On the one hand, we have the meeting or reunión of those who up until a certain moment had no part in the communal distribution of the sensible.  This is not a truth that can be demonstrated but the possibility of democracy as it emerges “above a void that makes politics possible” (23).  On the other hand, we have a “perhaps,” which points in the direction of going beyond even that sandy political non-foundation and into a consideration of the non-subject as rethinking of what “politics” might mean beyond the identitarian dialectic of the Caribbean.  Quintero Herencia writes “Quizás se trate incluso, de ir más allá de esa arena…”—going beyond, perhaps, the political arena/sand.  How do we understand the positioning here?  Is the sand in question a way of covering over the abyss at the center of Derrida’s 1983 lecture?  Perhaps.  One way of entering into this question would be to point out that the meditation on the non-subject, and here Quintero Herencia is thinking about the work of Alberto Moreiras in Línea de sombra and beyond, is not at all a beyond that one gets to by sheer will.  Rather, it is simply what follows once we take up seriously or rigorously the rethinking of central political categories like the subject and the community which emerge above a void.  Does the “perhaps,” then, have the function of a barricade that is put in place as protection, to prevent us from falling into the abyss?  Perhaps!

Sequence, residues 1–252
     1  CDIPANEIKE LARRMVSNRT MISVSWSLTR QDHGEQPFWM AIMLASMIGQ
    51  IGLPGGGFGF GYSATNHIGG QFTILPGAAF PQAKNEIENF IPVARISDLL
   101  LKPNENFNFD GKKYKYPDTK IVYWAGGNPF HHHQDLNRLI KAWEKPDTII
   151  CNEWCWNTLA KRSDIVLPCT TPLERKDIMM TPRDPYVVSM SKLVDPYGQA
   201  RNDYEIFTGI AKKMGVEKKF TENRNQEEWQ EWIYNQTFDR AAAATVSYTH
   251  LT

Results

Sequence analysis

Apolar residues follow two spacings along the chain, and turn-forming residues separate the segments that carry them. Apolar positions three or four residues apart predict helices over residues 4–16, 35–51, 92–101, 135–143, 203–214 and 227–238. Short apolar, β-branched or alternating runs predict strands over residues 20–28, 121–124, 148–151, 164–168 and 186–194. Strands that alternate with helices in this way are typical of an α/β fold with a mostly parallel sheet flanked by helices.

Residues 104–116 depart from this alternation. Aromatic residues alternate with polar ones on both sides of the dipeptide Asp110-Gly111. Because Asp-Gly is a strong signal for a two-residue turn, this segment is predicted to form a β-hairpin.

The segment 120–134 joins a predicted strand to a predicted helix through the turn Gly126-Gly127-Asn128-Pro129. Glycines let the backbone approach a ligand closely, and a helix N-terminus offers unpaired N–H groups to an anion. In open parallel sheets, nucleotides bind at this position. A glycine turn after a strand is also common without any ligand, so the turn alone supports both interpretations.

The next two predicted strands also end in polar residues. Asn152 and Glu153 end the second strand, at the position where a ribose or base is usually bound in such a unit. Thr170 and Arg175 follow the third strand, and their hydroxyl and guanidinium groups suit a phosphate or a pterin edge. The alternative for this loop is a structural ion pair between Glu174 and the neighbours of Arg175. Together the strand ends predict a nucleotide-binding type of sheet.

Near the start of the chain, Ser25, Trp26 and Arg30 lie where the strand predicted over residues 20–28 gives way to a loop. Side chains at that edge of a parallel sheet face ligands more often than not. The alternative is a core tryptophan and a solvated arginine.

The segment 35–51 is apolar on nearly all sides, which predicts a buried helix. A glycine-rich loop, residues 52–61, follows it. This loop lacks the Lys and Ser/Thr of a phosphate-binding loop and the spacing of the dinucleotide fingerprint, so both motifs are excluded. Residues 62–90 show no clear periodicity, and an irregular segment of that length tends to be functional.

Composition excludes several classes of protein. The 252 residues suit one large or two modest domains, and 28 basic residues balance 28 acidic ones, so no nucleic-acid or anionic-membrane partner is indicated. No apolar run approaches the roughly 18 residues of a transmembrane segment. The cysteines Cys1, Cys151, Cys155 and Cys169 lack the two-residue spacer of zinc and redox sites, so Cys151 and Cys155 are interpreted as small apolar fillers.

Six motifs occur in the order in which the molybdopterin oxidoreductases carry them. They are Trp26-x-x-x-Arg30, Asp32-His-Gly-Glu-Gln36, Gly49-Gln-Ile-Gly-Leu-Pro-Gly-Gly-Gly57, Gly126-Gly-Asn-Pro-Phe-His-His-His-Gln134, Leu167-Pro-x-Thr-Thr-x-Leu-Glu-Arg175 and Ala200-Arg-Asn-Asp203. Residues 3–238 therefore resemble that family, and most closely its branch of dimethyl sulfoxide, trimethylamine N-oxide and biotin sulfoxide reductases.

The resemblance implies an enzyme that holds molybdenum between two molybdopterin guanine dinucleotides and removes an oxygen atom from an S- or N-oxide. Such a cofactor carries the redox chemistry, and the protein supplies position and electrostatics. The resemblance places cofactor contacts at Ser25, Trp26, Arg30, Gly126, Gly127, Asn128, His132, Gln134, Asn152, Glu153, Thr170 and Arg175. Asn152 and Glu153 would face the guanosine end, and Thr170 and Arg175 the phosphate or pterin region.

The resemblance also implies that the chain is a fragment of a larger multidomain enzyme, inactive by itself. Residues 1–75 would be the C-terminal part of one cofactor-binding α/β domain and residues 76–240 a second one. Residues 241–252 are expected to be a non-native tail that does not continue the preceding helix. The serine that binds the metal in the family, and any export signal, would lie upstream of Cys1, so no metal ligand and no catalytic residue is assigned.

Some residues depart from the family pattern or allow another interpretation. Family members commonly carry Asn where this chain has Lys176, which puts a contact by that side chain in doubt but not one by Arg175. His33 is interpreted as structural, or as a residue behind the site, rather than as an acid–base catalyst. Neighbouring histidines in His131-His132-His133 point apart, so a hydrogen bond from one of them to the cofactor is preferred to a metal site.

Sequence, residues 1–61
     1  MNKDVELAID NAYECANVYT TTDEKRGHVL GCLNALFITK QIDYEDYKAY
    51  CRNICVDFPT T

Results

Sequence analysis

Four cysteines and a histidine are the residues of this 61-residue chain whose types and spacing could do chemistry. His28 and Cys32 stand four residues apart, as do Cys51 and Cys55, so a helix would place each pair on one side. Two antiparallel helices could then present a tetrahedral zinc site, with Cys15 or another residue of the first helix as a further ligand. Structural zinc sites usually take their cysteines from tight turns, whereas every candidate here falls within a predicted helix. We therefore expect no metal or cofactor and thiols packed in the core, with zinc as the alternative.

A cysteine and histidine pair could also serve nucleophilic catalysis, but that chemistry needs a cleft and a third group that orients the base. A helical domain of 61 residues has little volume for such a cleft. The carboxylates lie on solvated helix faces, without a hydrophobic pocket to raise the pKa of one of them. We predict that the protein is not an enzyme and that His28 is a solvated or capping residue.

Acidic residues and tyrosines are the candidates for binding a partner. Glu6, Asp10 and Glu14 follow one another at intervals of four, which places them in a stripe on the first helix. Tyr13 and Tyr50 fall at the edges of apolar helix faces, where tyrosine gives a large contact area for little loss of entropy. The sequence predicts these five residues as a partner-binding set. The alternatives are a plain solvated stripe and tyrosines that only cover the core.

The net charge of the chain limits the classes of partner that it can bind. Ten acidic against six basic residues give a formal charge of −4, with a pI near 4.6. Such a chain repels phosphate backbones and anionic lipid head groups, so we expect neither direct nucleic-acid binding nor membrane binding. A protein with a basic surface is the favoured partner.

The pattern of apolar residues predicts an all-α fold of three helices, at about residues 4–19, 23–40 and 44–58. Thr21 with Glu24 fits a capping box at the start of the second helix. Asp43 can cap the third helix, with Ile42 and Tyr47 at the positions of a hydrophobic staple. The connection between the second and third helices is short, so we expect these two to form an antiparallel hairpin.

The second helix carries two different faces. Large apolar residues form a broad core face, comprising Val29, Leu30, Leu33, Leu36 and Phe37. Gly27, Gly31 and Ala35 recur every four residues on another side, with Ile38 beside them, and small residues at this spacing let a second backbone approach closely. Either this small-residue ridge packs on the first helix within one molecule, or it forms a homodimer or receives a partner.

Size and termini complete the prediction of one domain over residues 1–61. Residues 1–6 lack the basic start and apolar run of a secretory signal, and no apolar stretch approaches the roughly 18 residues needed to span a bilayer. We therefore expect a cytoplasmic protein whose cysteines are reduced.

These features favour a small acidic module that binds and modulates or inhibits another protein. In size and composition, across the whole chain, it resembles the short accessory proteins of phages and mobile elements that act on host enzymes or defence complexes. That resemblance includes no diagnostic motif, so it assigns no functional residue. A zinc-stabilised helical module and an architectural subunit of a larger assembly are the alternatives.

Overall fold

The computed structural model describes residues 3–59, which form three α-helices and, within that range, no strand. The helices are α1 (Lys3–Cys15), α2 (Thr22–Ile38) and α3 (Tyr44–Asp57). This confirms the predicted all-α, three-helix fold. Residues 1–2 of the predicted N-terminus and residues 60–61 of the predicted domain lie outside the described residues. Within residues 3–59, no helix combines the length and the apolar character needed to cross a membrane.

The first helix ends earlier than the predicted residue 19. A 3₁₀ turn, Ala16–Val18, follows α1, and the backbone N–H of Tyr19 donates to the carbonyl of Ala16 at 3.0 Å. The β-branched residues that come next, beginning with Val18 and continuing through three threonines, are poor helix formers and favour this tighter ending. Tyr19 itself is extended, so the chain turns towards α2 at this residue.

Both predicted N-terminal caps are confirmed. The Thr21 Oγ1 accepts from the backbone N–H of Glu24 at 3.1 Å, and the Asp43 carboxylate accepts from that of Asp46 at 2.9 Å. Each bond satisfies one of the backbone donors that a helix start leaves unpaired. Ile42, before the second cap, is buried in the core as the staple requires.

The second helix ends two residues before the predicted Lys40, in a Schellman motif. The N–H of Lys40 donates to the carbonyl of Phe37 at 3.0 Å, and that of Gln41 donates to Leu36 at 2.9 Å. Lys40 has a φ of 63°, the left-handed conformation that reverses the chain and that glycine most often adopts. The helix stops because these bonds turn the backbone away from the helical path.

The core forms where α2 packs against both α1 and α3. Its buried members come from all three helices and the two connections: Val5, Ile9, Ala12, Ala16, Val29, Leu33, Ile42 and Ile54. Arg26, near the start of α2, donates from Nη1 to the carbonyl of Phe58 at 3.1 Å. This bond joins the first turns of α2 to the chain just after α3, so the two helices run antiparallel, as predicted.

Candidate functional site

Another reading of this “perhaps” was offered last Friday (March 3rd, 2017) when the book was presented at the Library of Congress.[2]  Juan Duchesne Winter’s reading took aim at what he claimed was the wrong way to critique the identitarian dialectic of Caribbean politics.  Which is that of Moreiras and “la gente de Moreiras,” among whom I count myself I should add.  He stood in front of that barricade protecting us from the void and said that beyond it what lies is the practice of those enthralled by the linguistic turn.  Which as we all know is an accusation that seeks to reduce the work on politics that Quintero Herencia himself is undertaking to a mere preoccupation with language games that take place away from history and reality.  Though the efficacy of this phrase as accusation is undoubtedly waning, it still holds sway, particularly when it comes to very disciplinary and institutional ways of being political and fighting against the overwhelming onslaught of capitalist violence on all fronts, including the university.  In his remarks, Duchesne Winter (a figure that has had an impeccable career and represents the best of what is done under the banner of a Cribbeanist or Latinamericanist banner today, is the last person one expected to go into this kind of forsaking of the professional protocols of the university in the name of visceral dismissal) referred to Derrida’s supposedly logocentric dictum about there being nothing outside of the text, and then, in the question and answer period he explained that he was aiming at the work being done today under the name ifrapolitics.  In a tacit manner, Derrida becomes a stand-in for Moreiras’ place not only in our contemporary university, but also, and more important, in Quintero Herencia’s book.  A move that is strange for many reason, not the least of which is that on the second page of the text of La hoja de mar we find the author referring to Derrida’s notion of the text and the trace in the following terms: “The notion of trace or of text is introduced to mark the limits of the linguist turn.  This is one more reason why I prefer to speak of ‘mark’ rather than of language.  [… The mark] is prelinguistic ….” (quoted in Quintero Herencia 10 n. 2).  No where was this complication considered.  However good-humored, and I do not want to overdramatize this (even as I also do not want to let it go unremarked), this scene can be understood within the purview of the axiomatics of an epistemo-centric and deontologized university that suspends its most basic sense of reasonableness when it comes to protecting its Reason—its arche.  Moreover, the central issue is not only about this specific way of reading Quintero Herencia’s “quizás”—for what is more urgent, to me at least, is to ask as to what in the text makes this barricade/interpretation possible in the first place.  And I want to suggest is that the answer touches on the fact that even after the herculean effort to maintain the logic of the equation of the lack, ()-(x), the text struggles with its impossibility to say politics other than as political; it is as if it is not sufficient to simply say another politics, or politics otherwise, without the risk becoming too great for a re-politicization that does not take the archi-pelagic effect into account in any way.  The problematic that opens here is not simply a question of using different words.  If Quintero Herencia had used the word infrapolitics, for instance, the issues would remain.  I want to spend what remains of my time today trying to outline some of the major problems that need to be thought through if we are to be rigorous with the question at hand.